Summit in Rio de Janeiro, Brazil and the
    follow-up 1997 Earth Summit5 in New York City.
  • The Technological Revolution
  • Since 1945, the world has undergone a
    technological revolution as significant as the
    Industrial Revolution of the early 1800s.
    Computer are at the heart of this transformation.
  • They process information that can analyze a
    nations economy, forecast the weather, interpret
    public opinion polls, or calculate the flight
    path of a rocket.
  • The applications of computer technology are
    varied. The brain driving the computer is the
    microchip, a mesh of circuits etched on a silicon
    wafer.
  • Doctors use these chips to power the limbs worn
    by people who need them.
  • Industrial robots programmed to assemble machines
    and perform tasks such as welding and painting
    represent another application of microchip
    technology.
  • Computers are playing an important role in the
    expansion of global communications. The most
    dramatic leap in communications has been the
    internet, a massive number of computers linked
    together through a worldwide, high-speed,
    telecommunications network.

59
GOBAL INTERDEPENDENCE contd.
  • The Technological Revolution
  • Computer and other new technologies have also
    made space exploration possible. Since the Soviet
    launch of Sputnik, the first satellite into
    orbit, in 1957, the Americans and Russians have
    sent hundreds of satellites into outer space.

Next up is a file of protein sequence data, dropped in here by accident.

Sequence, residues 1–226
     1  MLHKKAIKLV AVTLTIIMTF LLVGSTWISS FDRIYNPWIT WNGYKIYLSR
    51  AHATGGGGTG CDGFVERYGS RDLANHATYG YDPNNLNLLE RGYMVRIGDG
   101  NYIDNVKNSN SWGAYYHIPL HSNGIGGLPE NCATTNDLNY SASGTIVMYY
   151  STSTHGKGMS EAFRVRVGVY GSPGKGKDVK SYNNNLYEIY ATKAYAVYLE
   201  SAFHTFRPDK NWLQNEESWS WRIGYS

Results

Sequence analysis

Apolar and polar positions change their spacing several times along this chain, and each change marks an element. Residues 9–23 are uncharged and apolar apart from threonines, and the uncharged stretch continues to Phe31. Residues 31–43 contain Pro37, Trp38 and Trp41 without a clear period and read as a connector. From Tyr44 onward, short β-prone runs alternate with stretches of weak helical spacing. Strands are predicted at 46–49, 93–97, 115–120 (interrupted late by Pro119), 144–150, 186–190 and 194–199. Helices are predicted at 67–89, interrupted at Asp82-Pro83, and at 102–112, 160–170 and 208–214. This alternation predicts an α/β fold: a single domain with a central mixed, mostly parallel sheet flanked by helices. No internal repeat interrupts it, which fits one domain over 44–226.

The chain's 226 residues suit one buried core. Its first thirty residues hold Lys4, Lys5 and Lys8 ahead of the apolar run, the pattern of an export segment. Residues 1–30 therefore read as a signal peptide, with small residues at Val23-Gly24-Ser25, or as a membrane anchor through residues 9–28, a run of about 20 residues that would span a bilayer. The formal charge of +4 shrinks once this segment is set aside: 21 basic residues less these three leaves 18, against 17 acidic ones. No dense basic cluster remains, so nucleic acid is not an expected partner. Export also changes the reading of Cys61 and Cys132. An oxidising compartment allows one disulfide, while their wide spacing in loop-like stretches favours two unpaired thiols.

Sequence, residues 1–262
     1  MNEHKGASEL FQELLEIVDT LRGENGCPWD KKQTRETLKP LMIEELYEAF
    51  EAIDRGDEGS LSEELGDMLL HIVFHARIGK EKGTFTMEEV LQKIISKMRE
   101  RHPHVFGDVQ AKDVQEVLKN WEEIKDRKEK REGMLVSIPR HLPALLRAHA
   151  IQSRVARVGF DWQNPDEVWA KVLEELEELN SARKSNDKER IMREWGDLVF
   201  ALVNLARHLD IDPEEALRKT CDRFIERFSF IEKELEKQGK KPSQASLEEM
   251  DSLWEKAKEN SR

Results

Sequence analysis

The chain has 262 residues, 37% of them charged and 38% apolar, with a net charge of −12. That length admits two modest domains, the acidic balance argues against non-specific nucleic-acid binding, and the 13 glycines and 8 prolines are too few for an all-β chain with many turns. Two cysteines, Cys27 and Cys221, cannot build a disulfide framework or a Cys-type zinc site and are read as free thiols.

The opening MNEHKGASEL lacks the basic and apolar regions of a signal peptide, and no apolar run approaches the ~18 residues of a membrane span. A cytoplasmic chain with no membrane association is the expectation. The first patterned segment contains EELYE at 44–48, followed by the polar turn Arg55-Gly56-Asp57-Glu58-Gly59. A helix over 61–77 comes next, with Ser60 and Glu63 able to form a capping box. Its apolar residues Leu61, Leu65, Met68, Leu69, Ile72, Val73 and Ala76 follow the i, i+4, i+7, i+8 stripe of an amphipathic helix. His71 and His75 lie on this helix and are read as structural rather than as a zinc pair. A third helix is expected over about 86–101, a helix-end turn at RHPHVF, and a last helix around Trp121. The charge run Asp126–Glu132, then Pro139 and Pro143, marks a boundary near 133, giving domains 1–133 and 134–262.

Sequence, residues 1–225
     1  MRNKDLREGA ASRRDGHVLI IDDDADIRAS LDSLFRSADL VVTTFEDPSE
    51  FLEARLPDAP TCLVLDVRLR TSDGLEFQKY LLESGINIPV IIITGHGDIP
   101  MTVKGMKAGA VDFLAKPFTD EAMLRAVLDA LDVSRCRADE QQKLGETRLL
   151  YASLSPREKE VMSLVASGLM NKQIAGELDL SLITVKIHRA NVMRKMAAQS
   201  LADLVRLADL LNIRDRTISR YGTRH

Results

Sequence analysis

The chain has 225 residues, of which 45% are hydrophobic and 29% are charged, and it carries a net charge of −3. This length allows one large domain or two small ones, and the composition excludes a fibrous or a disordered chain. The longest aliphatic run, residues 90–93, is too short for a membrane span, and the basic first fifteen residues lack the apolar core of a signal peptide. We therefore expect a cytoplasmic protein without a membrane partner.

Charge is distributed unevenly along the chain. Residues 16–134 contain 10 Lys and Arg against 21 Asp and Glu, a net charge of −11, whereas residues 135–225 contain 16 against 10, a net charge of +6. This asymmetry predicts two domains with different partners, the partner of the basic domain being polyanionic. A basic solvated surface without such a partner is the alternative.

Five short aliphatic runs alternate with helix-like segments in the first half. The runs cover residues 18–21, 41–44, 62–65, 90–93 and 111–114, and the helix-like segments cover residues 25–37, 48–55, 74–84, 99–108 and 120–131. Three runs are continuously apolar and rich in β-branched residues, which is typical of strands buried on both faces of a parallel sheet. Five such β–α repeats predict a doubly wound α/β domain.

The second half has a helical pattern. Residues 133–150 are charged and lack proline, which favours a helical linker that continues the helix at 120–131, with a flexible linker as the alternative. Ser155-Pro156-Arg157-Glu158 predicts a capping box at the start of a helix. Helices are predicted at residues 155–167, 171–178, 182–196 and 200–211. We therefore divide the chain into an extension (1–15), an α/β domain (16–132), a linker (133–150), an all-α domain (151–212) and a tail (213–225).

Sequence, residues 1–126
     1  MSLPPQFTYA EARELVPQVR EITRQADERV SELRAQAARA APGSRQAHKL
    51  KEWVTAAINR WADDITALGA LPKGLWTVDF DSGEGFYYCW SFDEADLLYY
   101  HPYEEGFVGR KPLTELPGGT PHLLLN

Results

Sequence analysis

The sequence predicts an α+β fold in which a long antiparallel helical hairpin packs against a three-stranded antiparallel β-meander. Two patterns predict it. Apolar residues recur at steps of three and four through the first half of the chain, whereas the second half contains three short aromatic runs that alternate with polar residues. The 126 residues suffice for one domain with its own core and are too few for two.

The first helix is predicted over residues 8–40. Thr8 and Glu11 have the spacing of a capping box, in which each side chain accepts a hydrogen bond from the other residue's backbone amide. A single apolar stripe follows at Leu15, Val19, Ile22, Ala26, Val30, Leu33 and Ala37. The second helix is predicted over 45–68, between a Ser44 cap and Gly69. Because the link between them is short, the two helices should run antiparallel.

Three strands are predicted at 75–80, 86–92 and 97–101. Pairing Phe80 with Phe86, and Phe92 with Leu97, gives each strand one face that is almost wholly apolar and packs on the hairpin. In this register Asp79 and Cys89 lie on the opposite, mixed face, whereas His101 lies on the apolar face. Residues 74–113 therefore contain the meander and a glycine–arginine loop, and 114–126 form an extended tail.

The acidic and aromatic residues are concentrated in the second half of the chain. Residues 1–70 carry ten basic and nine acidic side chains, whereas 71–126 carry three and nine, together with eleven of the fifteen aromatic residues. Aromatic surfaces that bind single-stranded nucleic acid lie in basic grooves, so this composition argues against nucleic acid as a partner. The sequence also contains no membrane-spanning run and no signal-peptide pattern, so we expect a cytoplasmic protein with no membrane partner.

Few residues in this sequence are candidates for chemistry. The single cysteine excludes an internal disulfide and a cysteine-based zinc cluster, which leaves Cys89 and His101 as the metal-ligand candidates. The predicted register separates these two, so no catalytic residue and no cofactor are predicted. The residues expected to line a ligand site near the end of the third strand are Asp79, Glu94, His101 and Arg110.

• In July 1969 American astronaut Neil Armstrong
    became the first man to step on the moons
    surface.
  • Medical sciences have also benefited from
    technological progress. Lasers, or devices that
    emit narrow, powerful beams of light, allow
    doctors to perform delicate surgeries with
    minimal discomfort to patients.
  • Current medicines can correct chemical imbalances
    in the brain, thereby treating the severe
    depression that can cripple some peoples lives.
  • Organ transplant have become possible with new
    technologies. Kidneys and livers are among the
    most commonly transplanted organisms.
  • Recent DNA technology has led to the new field of
    genetic engineering, a process that involves the
    alteration of cells to produce new life-forms.

60
GOBAL INTERDEPENDENCE contd.
  • The Global Culture
  • Technological advances have hastened the growth
    of global culture.
  • Jet travel, television, and communications
    satellites have spread ideas and practices from
    one part of the globe to another. Today the
    cultures of various regions meet and blend.
  • After World War II, the French thinker Jean Paul
    Sartre stated a viewpoint known as existentialism
    that became popular among intellectuals in the
    West. According to Sartre, each person is
    essentially alone, but free to choose his or her
    path of life.
  • Religious individuals and groups have sought to
    meet societys needs.
  • The Roman Catholic nun Mother Teresa inspired
    many people with her care of the needy in the
    slums of Calcutta, India. Also the Dalai Lama,
    Tibets Buddhist leader, and Desmond Tutu, South
    African Anglican archbishops, spoke out for human
    rights.
  • In recent decades, the issue of human right has
    captured world attention. According to human
    rights groups, despite democratic advances since
    the 1980s, many governments still imprison and
    abuse people for speaking their minds. Among the
    countries accused of human rights violations are
    China, Indonesia, Nigeria, Saudi Arabia,
    Afghanistan, and Myanmar. Other, such as Iran,
    Iraq, Cuba, Libya, North Korea, Sudan, and Syria
    have also been charged with sponsoring terrorist
    acts outside their borders.
  • In 1948 the United States adopted what has become
    the most important human-rights document of the
    postwar years- the Universal Declaration of Human
    Rights.
  • Addressing social, economic and political rights,
    the Declaration is a statement not of the way
    things are, but the way they should be.

61
  • THE END!